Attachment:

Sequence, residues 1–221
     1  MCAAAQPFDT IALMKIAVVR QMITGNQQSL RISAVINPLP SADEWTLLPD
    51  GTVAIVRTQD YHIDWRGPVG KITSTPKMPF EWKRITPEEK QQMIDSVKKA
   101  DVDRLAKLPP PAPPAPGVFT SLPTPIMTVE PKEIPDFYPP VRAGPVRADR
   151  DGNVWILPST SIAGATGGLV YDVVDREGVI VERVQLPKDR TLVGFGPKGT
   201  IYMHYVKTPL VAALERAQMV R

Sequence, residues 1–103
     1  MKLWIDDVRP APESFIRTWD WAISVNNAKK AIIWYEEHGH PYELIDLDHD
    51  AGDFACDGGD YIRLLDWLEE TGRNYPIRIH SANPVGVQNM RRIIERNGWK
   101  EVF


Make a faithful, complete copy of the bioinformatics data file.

Sequence, residues 1–221
     1  MCAAAQPFDT IALMKIAVVR QMITGNQQSL RISAVINPLP SADEWTLLPD
    51  GTVAIVRTQD YHIDWRGPVG KITSTPKMPF EWKRITPEEK QQMIDSVKKA
   101  DVDRLAKLPP PAPPAPGVFT SLPTPIMTVE PKEIPDFYPP VRAGPVRADR
   151  DGNVWILPST SIAGATGGLV YDVVDREGVI VERVQLPKDR TLVGFGPKGT
   201  IYMHYVKTPL VAALERAQMV R

Sequence, residues 1–103
     1  MKLWIDDVRP APESFIRTWD WAISVNNAKK AIIWYEEHGH PYELIDLDHD
    51  AGDFACDGGD YIRLLDWLEE TGRNYPIRIH SANPVGVQNM RRIIERNGWK
   101  EVF